Uk News Ramadan 2021: I may be breaking fast over FaceTime but the holy month will no less meaningful this year United Kingdom news
PremierLeague-News.Com - As Muslims we all hope to leave the month better than we came into it - that sentiment still very much applies in the pandemic
PremierLeague-News.Com - Breaking Sport Transfer News ! Ramadan is a time like no other. It’s a month usually full of people coming together as one big family to fast, worship and reflect on the past year. We’re all united with a sense of purpose, togetherness and generosity— there’s nothing like breaking your fast at the end of the day at your local mosque, surrounded by friends and family.Last year, due to the Covid pandemic, Muslims around the world had to forsake their treasured traditions for the safety of the global community. For me, it meant no more Taraweeh prayers at the mosque, my friend Maryam’s yearly Iftar party cancelled and no chance to meet with the wider community. It was a very different month indeed, and often felt unsettling, but it also provided me with the opportunity to spend some time with myself evaluating my own faith and reflecting on the past year. There’s no doubt that Ramadan in 2021, which begins on Monday, will once again be different. While lockdown restrictions have somewhat eased, the month won’t be like pre-Covid times. i's opinion newsletter: talking points from todayEmail address is invalidThank you for subscribing!Sorry, there was a problem with your subscription.This year, I’ll be away from my loved ones for the most of the month as I am returning to university after the Easter break. I’ll be breaking my fast over FaceTime with my family, or when I can, sharing a meal with a university friend outside.It’ll be a completely different experience for me, and while I have no idea what to expect I hope to use it as another opportunity to reflect on the past 12 months. If we look closely, the lessons from the pandemic and what we learn as Muslims during Ramadan are very similar indeed.Contrary to popular belief, Ramadan is much more than simply avoiding food and drink from dawn to dusk. It’s a month of becoming closer to our faith, in many different ways. It’s a time where we see the very best of the Muslim community – especially when it came to generosity in the early days of the pandemic, which coincided with Ramadan last year. Charity is one of the five pillars of Islam.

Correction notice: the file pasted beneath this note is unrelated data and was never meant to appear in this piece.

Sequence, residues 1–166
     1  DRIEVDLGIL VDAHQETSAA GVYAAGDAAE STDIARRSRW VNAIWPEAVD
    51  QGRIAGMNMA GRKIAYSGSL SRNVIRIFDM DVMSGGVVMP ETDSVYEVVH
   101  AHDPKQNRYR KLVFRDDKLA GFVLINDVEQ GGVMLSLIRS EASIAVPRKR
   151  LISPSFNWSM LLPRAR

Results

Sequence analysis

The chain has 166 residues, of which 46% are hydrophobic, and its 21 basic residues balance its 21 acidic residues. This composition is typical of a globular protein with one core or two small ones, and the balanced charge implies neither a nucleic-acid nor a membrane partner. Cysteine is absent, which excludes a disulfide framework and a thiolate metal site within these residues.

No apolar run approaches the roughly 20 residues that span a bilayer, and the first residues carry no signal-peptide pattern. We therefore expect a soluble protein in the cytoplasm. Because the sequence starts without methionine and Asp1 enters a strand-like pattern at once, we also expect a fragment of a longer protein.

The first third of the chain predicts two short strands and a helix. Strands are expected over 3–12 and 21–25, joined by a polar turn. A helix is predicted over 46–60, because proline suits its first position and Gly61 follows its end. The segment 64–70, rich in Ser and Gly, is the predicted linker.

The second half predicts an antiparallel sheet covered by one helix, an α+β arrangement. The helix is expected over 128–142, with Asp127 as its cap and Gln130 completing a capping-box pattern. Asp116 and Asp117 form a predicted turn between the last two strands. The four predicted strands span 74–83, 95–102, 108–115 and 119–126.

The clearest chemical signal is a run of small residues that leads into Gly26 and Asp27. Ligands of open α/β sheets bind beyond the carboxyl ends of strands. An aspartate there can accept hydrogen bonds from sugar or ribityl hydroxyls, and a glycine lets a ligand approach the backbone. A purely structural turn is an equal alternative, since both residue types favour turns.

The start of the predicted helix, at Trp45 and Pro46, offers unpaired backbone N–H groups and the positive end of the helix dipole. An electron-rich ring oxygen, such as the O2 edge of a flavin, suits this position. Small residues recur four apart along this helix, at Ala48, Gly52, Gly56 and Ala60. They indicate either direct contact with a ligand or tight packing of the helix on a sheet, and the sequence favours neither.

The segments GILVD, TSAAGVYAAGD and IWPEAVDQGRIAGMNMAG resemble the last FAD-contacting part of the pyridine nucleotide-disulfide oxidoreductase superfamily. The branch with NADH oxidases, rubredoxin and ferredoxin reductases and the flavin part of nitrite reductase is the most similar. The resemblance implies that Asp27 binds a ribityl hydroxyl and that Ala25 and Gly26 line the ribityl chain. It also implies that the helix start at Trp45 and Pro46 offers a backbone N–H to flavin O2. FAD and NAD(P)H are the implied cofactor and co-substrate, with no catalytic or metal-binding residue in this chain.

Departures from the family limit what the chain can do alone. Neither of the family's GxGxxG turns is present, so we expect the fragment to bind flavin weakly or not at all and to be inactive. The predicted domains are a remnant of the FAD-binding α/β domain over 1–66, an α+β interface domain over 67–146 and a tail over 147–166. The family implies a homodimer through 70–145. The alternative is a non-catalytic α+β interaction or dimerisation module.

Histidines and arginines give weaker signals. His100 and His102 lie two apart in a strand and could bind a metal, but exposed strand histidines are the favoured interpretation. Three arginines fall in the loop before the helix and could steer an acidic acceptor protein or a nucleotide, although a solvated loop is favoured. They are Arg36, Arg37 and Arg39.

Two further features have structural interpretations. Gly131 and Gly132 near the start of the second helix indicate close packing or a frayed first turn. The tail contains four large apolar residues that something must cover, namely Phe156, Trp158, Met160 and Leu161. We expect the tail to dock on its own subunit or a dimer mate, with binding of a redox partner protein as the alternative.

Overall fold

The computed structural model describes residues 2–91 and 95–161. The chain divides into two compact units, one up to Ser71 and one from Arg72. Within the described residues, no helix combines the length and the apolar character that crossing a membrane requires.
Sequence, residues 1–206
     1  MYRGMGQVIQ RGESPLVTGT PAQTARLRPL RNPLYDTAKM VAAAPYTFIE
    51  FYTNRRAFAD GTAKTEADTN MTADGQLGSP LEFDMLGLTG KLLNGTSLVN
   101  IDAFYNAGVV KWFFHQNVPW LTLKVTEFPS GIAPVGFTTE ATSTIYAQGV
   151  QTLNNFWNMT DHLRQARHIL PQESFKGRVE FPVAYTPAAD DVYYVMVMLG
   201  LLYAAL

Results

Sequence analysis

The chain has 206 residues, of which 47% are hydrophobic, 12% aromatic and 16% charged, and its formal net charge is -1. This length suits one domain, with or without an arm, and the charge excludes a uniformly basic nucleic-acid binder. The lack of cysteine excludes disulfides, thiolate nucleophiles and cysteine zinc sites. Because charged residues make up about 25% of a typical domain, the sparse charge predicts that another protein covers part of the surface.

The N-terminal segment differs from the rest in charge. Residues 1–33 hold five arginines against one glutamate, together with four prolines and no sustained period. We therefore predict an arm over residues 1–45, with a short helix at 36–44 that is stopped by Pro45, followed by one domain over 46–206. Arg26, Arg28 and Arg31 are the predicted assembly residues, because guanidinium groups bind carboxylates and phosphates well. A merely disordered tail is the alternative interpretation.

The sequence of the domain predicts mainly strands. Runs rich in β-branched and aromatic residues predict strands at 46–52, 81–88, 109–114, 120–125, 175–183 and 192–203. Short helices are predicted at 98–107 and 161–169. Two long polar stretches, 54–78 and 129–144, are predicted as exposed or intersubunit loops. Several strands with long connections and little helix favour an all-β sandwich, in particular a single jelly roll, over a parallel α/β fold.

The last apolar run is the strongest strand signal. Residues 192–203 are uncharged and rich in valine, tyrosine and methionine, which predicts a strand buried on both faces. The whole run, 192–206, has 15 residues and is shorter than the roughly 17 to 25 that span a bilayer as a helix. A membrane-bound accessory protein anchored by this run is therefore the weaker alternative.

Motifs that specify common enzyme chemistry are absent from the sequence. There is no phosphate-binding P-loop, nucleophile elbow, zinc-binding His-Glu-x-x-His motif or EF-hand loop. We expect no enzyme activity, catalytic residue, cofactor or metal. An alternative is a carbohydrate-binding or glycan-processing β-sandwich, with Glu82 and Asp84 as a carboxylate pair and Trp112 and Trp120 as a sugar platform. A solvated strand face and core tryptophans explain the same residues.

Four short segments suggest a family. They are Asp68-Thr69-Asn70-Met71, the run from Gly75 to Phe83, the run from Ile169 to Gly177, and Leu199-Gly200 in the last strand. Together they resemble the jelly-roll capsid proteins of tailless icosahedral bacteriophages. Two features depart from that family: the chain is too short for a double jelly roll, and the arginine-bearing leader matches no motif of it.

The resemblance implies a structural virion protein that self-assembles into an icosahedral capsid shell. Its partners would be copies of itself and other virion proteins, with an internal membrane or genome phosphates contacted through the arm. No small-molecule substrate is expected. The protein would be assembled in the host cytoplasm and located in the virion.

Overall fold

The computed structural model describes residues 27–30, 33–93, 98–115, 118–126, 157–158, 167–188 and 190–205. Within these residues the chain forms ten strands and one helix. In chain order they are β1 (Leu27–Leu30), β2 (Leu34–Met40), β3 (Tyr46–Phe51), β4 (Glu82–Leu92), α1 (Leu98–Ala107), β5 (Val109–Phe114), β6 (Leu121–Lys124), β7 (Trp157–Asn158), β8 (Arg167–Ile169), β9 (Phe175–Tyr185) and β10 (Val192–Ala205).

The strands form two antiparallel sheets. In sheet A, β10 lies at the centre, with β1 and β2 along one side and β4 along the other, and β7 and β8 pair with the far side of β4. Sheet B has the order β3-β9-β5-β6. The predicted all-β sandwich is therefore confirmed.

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.However, charity isn’t just in the form of bank-notes and pennies. Sharing food out with neighbours (a yearly tradition in my household), frontline workers in the pandemic working flat-out to save lives while fasting, and community groups organising help for the vulnerable in our community all count too. I will be helping my mum, before I leave for university, prepare platters of food to give out in our local neighbourhood and will share sweets and dates with my friends. I also plan to give more money to charity – especially to help vulnerable communities who have been hit hard by Covid-19 in the UK. Ramadan is also a time of thankfulness, reflecting on the blessings in our lives. After seeing the way people’s lives have irreversibly changed because of Covid-19, I will be joining many Muslims in being more thankful than usual. Mostly because I’ve had the chance to spend another Ramadan, alive and healthy. I have friends who have lost very close relatives to Covid-19, and can’t say the same. At the end of the month, we pray that we have the opportunity to live long enough to see Ramadan next year. I will be especially grateful that I have the chance to do so, unlike many others. Muslims up and down the country will have many empty seats at the table during Iftars this year – seats which were filled the year before. Read More When is Ramadan 2021? Start date, UK timetable, when Eid al-Fitr falls and the meaning behind fasting Ramadan is also known as the month of the Quran, because that’s when the first verses were revealed to the Prophet Muhammad. In pre-Covid times, the Imam would recite the Quran during congregational prayers in the mosque — we aim to complete the entirety of the Quran during the month. This year I will be doing daily recitations by myself and encourage other Muslims to do so in their households.As Muslims we all hope to leave the month better than we came into it – that sentiment still very much applies in the pandemic. It might feel different but the fundamentals of it are still very much the same.Zesha Saleem is a freelance writer and student doctor
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